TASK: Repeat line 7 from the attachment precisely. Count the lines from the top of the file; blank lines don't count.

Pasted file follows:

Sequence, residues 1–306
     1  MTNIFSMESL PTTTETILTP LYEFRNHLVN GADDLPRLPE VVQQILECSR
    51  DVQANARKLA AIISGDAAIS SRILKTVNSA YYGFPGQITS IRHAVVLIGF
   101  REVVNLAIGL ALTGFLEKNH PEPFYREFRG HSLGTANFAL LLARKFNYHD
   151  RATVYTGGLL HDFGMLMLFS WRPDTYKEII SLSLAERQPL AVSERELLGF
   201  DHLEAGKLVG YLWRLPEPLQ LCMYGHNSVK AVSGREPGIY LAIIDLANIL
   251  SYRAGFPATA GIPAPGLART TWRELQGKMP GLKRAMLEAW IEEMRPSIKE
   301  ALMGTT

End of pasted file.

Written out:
   251  SYRAGFPATA GIPAPGLART TWRELQGKMP GLKRAMLEAW IEEMRPSIKE